Increase motivation to fill out the form by highlighting a clear value proposition, an easily accessible form above-the-fold, and reducing FUDs immediately.


Reducing the clutter and friction in the hero section with a streamlined design, improved visual hierarchy, and more refined emphasis on social proof, combined with a reduction of FUDs, will increase conversions.



Suggestion 02 - Mockup

We replaced the three clickable card layouts with a more common design pattern (sliders to go through testimonials). This approach provides users with control. We also highlighted more social proof at scale with a scrollable carousel of past placements and alumni.


Multiple users in interviews expressed difficulty in clearly finding testimonials and placement statistics on the mobile version of the page due to the length.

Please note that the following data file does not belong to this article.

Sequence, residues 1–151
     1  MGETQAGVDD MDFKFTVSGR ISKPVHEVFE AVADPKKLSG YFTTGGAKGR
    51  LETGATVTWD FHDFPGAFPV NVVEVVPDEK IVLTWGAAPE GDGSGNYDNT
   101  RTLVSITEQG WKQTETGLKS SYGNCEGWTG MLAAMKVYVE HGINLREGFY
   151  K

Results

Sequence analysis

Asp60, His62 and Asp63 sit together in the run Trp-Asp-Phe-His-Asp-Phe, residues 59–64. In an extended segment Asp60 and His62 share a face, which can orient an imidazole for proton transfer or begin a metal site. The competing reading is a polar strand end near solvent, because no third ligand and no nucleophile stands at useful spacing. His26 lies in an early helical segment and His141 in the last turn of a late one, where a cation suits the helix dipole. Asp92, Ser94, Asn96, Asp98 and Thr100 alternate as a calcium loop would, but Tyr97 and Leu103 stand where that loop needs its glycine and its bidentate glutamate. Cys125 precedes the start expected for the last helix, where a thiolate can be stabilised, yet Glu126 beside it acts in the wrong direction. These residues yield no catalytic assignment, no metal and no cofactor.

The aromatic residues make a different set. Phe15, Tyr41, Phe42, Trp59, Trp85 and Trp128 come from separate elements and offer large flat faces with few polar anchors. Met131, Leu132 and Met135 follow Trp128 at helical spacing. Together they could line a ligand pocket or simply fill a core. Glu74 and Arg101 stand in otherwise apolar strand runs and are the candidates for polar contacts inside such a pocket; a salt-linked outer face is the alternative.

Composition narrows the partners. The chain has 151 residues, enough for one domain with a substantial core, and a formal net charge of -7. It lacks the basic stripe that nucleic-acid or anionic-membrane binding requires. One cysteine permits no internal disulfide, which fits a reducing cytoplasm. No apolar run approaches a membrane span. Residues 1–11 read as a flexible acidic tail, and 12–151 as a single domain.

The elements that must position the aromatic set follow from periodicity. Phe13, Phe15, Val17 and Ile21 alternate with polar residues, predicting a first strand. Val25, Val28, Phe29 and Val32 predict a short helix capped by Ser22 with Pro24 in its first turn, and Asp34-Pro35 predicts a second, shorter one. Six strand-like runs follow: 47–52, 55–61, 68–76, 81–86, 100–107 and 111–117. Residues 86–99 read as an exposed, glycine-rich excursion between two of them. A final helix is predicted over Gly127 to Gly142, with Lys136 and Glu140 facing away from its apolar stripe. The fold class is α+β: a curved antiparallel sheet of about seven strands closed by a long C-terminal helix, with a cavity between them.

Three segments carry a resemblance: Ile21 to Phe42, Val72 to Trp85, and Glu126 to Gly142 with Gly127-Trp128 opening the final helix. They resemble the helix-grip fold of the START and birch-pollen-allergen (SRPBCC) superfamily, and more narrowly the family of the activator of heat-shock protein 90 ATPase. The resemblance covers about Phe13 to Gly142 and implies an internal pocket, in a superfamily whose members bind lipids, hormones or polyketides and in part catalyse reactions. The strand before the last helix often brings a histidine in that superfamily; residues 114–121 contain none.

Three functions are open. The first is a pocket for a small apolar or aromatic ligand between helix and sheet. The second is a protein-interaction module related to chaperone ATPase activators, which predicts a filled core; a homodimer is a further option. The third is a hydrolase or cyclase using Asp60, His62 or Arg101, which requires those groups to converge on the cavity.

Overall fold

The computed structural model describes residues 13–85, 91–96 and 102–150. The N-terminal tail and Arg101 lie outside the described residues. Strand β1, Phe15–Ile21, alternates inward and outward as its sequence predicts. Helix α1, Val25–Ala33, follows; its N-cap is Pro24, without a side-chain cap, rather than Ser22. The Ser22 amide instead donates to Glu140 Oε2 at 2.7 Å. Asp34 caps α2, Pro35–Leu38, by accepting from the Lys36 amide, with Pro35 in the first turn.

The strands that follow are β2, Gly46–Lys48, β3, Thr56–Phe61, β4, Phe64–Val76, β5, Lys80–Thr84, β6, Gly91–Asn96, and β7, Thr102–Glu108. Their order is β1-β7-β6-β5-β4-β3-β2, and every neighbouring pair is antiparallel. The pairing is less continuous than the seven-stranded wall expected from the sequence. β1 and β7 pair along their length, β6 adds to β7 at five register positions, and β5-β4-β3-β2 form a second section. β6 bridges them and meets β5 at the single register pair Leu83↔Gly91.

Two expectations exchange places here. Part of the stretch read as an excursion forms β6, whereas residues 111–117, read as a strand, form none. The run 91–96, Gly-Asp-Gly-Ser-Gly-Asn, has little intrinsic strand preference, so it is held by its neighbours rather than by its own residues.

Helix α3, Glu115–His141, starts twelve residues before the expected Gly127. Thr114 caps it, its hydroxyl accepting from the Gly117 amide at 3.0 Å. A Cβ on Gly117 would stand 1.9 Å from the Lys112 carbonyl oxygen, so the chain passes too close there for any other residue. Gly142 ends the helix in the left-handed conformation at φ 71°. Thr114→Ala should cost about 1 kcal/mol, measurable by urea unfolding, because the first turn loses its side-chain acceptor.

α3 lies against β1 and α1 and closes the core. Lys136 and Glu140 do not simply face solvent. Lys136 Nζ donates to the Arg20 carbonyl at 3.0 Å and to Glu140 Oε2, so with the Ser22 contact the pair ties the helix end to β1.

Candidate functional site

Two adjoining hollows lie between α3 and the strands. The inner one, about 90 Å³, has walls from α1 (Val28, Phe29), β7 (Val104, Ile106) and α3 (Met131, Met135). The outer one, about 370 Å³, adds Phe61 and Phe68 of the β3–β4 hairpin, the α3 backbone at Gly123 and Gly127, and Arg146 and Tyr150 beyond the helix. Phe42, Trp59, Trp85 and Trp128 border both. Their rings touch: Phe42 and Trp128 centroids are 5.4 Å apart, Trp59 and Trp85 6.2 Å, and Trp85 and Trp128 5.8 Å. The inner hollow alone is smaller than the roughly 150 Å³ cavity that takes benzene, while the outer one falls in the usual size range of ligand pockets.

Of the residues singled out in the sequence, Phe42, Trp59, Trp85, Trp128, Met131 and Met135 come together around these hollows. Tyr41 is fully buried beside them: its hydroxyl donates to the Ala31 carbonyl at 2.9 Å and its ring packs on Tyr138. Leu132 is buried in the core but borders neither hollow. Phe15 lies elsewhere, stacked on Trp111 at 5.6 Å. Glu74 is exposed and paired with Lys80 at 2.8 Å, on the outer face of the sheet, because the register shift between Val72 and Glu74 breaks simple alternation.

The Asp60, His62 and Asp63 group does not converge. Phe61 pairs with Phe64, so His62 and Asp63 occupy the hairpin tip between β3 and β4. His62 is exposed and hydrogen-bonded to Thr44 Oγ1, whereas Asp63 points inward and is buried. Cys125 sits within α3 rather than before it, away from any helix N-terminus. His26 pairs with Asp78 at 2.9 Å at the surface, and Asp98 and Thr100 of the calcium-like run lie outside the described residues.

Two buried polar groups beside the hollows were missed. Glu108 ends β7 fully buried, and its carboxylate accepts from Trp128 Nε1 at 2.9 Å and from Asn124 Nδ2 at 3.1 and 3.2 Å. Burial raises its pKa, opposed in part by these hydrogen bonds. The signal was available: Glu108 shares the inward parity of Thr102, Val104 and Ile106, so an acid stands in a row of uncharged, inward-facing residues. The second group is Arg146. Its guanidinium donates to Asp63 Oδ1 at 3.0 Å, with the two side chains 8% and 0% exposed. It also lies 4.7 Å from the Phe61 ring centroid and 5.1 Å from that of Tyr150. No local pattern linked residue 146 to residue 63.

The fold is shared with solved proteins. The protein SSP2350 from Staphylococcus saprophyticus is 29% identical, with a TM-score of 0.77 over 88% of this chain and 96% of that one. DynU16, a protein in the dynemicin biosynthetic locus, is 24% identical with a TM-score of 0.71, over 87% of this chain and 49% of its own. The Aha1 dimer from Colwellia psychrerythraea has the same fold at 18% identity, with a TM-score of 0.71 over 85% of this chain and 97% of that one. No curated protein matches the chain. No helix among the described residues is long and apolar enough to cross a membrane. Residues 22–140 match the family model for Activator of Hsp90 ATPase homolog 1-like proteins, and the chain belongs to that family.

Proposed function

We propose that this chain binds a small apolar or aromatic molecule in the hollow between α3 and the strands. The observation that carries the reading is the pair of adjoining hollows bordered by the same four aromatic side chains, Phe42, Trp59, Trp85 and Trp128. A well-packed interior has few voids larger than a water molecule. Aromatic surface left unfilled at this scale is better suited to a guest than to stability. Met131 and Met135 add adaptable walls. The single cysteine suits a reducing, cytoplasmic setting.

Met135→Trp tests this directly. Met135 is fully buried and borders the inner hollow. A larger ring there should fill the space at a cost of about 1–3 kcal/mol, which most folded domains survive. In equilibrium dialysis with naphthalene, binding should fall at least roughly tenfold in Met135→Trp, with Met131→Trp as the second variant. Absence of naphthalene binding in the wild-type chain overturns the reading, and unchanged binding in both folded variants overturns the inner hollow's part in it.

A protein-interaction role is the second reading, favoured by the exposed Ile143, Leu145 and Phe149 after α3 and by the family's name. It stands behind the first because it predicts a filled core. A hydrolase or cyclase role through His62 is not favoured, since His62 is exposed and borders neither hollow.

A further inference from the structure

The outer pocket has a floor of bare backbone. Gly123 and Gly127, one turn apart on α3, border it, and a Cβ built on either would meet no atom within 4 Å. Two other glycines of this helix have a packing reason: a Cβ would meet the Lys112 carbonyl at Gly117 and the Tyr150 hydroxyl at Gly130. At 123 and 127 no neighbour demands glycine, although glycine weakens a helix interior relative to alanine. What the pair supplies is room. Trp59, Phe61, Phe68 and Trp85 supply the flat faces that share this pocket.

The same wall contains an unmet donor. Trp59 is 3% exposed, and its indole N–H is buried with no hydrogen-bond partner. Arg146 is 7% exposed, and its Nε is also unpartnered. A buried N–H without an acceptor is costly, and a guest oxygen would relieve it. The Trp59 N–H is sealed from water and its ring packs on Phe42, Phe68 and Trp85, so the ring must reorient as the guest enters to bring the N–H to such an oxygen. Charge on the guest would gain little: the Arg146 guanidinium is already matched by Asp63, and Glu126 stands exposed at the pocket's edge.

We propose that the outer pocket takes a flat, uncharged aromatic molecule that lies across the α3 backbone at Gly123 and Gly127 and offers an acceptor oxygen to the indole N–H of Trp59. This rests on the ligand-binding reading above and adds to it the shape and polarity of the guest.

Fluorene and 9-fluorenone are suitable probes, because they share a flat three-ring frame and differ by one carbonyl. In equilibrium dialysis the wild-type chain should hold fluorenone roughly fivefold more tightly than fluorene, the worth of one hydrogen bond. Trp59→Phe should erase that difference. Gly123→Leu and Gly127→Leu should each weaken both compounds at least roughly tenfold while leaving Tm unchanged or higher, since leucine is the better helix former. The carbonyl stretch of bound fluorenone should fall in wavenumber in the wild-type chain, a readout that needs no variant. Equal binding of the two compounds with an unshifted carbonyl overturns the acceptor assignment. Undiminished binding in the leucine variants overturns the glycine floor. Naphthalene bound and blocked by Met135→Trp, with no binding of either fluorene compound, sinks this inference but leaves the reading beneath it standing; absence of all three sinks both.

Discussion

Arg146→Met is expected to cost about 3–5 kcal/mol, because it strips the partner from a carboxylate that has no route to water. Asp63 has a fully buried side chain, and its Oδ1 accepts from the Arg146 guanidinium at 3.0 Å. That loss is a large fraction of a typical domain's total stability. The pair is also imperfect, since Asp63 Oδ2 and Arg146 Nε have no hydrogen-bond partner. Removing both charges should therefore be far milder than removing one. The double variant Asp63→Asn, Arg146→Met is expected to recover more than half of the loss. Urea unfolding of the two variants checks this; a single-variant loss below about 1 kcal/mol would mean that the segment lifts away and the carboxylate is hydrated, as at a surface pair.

Primary Goal

Increase motivation to apply for bootcamp by highlighting success stories upfront and past alumni.


Improving the visual layout of the testimonial section and enhancing its usability with legible text will help to increase user motivation and, thus, conversions.



Suggestion 03 - Mockup

We added the form directly to the bottom of the page, with all CTAs automatically scrolling down to it. We also cleaned up the hierarchy on the form and added social proof at the critical point of action.


A lot of people keep switching between the main bootcamp and application pages, as discovered in our user journey path explorations. Users don’t have enough information upon visiting the application page, or they are experiencing friction.

Primary Goal